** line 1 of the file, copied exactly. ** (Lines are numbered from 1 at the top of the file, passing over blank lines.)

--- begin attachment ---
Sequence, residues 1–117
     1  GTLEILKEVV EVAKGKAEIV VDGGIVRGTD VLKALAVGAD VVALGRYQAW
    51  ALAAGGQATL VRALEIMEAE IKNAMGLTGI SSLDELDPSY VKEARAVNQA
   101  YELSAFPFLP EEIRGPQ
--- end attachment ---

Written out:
Sequence, residues 1–117